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Category:Asian Recipes, Chefs, General | Comments (12) | Author:

A Taste of Thailand with Chiang Mai Pork Patties

Monday, 14. July 2014 5:27

Lemongrass, garlic, shallots and so much more flavor these pork patties.

Lemongrass, garlic, shallots and so much more flavor these pork patties.

 

In summer, we can’t get enough of backyard-grilled burgers.

But for a real treat, think patties of a different sort.

Pork ones, fragrant with a profusion of fresh herbs, and enveloped not in a big bun, but swaddled in a crisp lettuce leaf.

“Chiang Mai Pork Patties” brings a taste of Thailand to you.

The recipe is by cookbook author Naomi Duguid, a Southeast Asian food expert who has traversed Asia to find authentic, traditional dishes. It’s a featured in the new cookbook, “Cooking Light Global Kitchen” (Oxmoor), of which I received a review copy. The cookbook was written by veteran cookbook author David Joachim, whom I’ve had the distinct pleasure of judging the Pillsbury Bake-Off with on a couple of occasions.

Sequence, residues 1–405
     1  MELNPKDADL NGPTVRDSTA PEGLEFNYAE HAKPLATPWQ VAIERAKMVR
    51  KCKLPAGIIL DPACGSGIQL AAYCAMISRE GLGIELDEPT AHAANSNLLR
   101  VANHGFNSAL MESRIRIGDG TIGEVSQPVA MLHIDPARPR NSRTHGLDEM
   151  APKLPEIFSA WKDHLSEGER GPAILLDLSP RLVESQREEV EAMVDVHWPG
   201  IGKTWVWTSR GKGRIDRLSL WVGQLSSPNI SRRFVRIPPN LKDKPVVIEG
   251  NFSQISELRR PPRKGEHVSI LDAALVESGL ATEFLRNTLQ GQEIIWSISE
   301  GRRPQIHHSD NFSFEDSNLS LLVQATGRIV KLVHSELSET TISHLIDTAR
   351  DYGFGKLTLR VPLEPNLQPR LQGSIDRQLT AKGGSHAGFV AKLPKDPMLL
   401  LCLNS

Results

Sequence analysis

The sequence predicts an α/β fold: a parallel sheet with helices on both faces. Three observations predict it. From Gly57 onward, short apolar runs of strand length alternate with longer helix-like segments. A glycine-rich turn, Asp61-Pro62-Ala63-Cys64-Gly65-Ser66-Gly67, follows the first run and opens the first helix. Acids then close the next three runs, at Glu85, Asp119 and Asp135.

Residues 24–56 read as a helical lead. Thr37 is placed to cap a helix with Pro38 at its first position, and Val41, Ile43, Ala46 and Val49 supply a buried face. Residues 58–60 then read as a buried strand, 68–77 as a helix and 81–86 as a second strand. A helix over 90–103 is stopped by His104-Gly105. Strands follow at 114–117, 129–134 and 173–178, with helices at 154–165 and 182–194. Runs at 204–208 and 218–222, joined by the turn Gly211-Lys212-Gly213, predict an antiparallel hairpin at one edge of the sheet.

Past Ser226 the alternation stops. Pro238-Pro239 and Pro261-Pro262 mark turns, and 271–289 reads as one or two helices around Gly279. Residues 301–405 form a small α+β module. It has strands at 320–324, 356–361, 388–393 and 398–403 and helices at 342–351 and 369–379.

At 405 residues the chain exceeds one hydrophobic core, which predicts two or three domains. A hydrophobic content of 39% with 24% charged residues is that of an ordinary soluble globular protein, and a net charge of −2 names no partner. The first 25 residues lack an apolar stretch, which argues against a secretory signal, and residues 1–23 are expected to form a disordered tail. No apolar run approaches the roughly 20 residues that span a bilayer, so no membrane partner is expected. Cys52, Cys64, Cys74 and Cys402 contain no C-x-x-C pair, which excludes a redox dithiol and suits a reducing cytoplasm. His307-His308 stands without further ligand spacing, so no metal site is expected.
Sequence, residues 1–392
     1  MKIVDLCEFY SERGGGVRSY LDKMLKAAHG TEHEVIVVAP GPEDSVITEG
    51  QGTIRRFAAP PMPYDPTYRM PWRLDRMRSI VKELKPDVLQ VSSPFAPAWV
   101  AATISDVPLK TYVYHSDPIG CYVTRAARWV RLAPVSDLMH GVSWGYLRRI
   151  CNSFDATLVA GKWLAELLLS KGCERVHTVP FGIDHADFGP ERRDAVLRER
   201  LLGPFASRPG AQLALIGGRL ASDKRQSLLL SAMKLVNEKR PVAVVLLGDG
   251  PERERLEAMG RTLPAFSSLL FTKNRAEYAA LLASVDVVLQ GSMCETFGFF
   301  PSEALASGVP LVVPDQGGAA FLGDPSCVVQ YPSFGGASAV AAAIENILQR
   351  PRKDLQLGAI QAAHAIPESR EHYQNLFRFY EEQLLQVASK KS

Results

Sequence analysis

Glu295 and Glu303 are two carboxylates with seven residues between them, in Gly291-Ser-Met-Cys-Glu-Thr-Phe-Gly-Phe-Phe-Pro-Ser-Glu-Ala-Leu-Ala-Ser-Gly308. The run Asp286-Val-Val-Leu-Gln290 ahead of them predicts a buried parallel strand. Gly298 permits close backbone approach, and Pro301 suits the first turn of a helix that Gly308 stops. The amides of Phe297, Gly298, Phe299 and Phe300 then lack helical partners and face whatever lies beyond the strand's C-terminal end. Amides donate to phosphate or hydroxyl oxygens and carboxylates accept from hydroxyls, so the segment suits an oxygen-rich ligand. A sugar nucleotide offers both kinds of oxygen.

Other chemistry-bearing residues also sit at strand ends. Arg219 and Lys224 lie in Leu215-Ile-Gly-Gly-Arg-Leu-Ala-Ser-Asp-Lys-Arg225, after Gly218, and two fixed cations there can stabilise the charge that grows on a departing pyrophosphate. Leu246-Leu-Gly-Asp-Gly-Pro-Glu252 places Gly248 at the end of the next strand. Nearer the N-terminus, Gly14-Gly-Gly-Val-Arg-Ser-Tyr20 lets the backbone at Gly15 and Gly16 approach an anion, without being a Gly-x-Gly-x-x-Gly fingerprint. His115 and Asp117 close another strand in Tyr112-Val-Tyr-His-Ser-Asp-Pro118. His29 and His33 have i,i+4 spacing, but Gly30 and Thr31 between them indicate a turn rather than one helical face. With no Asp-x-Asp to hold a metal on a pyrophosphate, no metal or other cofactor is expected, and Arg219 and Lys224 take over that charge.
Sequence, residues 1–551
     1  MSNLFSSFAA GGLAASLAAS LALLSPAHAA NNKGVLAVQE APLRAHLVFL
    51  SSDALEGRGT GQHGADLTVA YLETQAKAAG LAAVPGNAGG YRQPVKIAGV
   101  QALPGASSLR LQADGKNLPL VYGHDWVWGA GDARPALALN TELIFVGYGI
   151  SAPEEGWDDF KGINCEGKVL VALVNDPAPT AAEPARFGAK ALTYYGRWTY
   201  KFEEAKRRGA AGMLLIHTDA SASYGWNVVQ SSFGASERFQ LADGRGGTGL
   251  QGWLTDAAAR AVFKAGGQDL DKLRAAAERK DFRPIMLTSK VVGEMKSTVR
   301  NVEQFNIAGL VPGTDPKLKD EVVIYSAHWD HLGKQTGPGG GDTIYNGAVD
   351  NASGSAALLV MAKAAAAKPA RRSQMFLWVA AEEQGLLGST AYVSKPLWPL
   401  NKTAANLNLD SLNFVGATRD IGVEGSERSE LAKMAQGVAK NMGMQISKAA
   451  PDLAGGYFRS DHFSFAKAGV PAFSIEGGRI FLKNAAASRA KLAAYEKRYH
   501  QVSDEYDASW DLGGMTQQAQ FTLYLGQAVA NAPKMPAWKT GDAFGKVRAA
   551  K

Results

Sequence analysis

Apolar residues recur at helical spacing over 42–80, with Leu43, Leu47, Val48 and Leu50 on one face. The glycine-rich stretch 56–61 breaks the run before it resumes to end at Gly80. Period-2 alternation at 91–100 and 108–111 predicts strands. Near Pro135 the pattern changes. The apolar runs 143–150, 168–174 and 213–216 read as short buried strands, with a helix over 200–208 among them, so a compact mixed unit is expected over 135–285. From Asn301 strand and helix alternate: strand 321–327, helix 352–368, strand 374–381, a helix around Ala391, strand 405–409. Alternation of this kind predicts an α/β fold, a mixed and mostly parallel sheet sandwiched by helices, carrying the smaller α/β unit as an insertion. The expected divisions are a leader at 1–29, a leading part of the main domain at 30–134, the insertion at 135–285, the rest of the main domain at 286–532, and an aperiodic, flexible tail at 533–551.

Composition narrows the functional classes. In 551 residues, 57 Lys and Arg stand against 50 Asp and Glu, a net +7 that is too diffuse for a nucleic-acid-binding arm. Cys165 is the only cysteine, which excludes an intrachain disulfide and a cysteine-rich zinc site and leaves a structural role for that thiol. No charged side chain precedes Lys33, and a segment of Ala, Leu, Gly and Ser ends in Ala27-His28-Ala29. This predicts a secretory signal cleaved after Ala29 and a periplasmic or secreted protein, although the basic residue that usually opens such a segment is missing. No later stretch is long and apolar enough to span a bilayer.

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Category:Asian Recipes, General | Comments (8) | Author:

Green Beans with Japanese Flair

Friday, 23. May 2014 5:26

Green beans you won't be able to stop eating.

Green beans you won’t be able to stop eating.

 

Planning a picnic this Memorial Day? Or a backyard barbecue this long weekend?

Then, you’ve got to make these green beans.

I guarantee they will be the talk of the table.